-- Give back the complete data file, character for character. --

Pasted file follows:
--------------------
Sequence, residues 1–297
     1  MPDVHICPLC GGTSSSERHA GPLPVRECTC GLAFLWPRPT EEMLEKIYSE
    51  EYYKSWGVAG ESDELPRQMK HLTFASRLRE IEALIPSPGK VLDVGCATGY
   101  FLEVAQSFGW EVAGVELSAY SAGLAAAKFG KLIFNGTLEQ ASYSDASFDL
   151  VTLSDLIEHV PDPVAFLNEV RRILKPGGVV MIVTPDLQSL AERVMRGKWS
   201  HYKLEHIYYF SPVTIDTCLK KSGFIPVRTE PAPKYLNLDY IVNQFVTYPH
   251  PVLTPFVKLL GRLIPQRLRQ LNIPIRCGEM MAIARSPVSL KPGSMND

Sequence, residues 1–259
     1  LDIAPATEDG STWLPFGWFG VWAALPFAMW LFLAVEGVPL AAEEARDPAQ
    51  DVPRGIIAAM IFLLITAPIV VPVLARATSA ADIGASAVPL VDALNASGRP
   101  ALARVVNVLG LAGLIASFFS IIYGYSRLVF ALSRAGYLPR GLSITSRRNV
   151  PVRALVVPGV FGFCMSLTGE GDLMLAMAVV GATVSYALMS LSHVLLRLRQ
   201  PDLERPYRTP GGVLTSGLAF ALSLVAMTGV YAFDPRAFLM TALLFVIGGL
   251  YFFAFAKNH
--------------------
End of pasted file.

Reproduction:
Sequence, residues 1–297
     1  MPDVHICPLC GGTSSSERHA GPLPVRECTC GLAFLWPRPT EEMLEKIYSE
    51  EYYKSWGVAG ESDELPRQMK HLTFASRLRE IEALIPSPGK VLDVGCATGY
   101  FLEVAQSFGW EVAGVELSAY SAGLAAAKFG KLIFNGTLEQ ASYSDASFDL
   151  VTLSDLIEHV PDPVAFLNEV RRILKPGGVV MIVTPDLQSL AERVMRGKWS
   201  HYKLEHIYYF SPVTIDTCLK KSGFIPVRTE PAPKYLNLDY IVNQFVTYPH
   251  PVLTPFVKLL GRLIPQRLRQ LNIPIRCGEM MAIARSPVSL KPGSMND

Sequence, residues 1–259
     1  LDIAPATEDG STWLPFGWFG VWAALPFAMW LFLAVEGVPL AAEEARDPAQ
    51  DVPRGIIAAM IFLLITAPIV VPVLARATSA ADIGASAVPL VDALNASGRP
   101  ALARVVNVLG LAGLIASFFS IIYGYSRLVF ALSRAGYLPR GLSITSRRNV
   151  PVRALVVPGV FGFCMSLTGE GDLMLAMAVV GATVSYALMS LSHVLLRLRQ
   201  PDLERPYRTP GGVLTSGLAF ALSLVAMTGV YAFDPRAFLM TALLFVIGGL
   251  YFFAFAKNH